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EXPLAINED: I-944 Form, Declaration of Self-Sufficiency, and the Green Card Process

Starting February 24, 2020, U.S. Citizenship and Immigration Services

(USCIS) implemented a new form titled "Declaration on Self-Sufficiency" nationwide. USCIS is requiring all applicants to submit this new form for Adjustment of Status, applications and petitions for Extension of Non-immigrant Stay or Change of Non-immigrant Status.

U.S. law has long required that immigrants demonstrate financial self-reliance. Under the current Immigration and Nationality Act (INA), an applicant can be inadmissible if he is determined “likely at any time to become a public charge.” For that reason, the applicant must show the following factors to be taken into account: (1) age (2) health (3) “family status”(4) assets, resources, and financial status and (5) education and skills.

Before this new rule, applicants submitted affidavits of support ( Form I-864) to show that a sponsor had committed to ensuring the applicant’s financial well-being. But Congress believed non-binding affidavits of support failed to prevent immigrants from becoming public charges precisely because they were legally non-enforceable.

The new rules will govern how the agencies must consider the totality of the circumstances and make a prospective, forward-looking determination of whether applicants for an immigrant or non-immigrant visa, applicants for admission to the United States, and applicants for adjustment of status to lawful permanent residency are likely to become a public charge "at any time" in the future.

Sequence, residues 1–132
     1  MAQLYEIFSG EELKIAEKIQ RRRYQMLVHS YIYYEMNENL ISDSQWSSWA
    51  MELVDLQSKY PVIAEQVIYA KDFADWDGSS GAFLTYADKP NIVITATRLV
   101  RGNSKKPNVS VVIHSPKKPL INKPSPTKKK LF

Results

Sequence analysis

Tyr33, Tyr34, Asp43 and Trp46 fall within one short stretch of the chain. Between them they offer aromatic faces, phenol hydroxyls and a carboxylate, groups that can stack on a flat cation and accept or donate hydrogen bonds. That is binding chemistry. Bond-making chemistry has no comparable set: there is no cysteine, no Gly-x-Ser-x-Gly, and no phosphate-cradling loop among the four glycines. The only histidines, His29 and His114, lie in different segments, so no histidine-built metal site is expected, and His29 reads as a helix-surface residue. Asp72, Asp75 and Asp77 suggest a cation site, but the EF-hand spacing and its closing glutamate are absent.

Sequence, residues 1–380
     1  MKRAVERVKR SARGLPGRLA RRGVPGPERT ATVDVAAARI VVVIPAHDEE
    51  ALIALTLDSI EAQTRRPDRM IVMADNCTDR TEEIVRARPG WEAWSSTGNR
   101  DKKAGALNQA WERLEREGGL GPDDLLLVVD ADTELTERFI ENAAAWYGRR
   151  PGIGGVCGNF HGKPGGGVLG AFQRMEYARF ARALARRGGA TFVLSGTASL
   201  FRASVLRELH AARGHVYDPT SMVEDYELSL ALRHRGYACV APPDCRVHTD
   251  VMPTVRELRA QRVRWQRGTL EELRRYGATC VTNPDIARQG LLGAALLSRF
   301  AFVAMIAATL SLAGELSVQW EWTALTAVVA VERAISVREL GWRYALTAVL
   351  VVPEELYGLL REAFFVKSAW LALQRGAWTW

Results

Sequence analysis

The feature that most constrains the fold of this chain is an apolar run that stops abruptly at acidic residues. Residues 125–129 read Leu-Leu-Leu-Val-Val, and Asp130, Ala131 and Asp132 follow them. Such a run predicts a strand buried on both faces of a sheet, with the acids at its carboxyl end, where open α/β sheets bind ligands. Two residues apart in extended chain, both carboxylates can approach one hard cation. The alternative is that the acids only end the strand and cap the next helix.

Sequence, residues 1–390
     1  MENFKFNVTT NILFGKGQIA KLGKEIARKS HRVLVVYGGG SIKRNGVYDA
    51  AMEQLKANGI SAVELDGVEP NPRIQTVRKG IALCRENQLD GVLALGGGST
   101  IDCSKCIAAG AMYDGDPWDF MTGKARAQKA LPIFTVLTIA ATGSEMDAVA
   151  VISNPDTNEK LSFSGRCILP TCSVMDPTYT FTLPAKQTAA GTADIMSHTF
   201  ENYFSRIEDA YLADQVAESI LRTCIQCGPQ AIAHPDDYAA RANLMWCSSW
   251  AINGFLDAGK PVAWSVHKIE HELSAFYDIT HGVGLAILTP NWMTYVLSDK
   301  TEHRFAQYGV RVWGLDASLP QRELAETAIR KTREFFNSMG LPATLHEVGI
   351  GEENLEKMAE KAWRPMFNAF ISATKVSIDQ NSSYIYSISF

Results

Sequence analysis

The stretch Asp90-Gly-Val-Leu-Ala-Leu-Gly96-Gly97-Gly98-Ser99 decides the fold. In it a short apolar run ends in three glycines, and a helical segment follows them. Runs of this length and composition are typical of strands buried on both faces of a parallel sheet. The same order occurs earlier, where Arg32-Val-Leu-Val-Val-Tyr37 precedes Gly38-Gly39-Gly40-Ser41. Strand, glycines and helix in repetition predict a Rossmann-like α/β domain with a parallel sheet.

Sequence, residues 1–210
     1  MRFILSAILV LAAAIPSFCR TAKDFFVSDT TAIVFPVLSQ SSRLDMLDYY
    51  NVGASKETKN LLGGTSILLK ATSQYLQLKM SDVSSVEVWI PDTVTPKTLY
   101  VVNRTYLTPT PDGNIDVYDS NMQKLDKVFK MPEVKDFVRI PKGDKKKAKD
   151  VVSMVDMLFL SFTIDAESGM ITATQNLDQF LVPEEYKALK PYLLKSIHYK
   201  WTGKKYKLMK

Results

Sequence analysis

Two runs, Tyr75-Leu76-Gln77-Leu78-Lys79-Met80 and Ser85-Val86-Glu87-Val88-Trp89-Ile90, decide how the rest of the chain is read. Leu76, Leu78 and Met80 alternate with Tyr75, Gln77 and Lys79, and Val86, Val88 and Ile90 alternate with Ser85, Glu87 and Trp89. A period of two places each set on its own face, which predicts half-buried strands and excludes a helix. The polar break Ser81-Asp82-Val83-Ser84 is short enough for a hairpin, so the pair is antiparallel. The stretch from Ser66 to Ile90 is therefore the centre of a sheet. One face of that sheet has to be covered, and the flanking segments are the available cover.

But what is a Public Charge?

The definition of “public charge” is now expressly tied to the receipt of “public benefits.” An immigrant “likely to become a public charge” means one who is likely to receive designated public benefits at any time in the future. The definition can be found in 8 CFR §212.21(a), which provides:

Public charge means an alien who receives one or more public benefits, as defined in paragraph (b) of this section, for more than 12 months in the aggregate within any 36-month period (such that, for instance, receipt of two benefits in one month counts as two months).

Since public charge determinations are prospective in nature, the question is whether a person, in the future, is “likely” to receive public benefits. More particularly, the question that the U.S. Department of Homeland Security (DHS) adjudicators will have to decide in making their public charge assessments is whether the applicant, at any point in the future, is more likely than not to receive public benefits for 12 months out of a 36-month period. If an applicant has received public benefits as categorized below, that, by definition, makes the individual a public charge. But even if he has not received such benefits, he may still be inadmissible on public charge grounds. That is because the DHS will now deploy a new totality of circumstances test to determine if the person is “likely at any time in the future to receive one or more public benefit.”

The Public Charge Rule lists the following programs, which qualify “public benefits":

  1. Supplemental Security Income (SSI);

  2. Temporary Assistance for Needy Families (TANF);

  3. Any other federal, state or local cash benefit programs (i.e., general assistance);

  4. Supplemental Nutrition Assistance Program (SNAP, i.e., food stamps);

  5. Section 8 Housing Assistance under the Housing Choice Voucher Program;

  6. Section 8 Project-Based Rental Assistance (including Moderate Rehabilitation);

  7. Medicaid; and

  8. Public Housing under Section 9 of the U.S. Housing Act of 1937.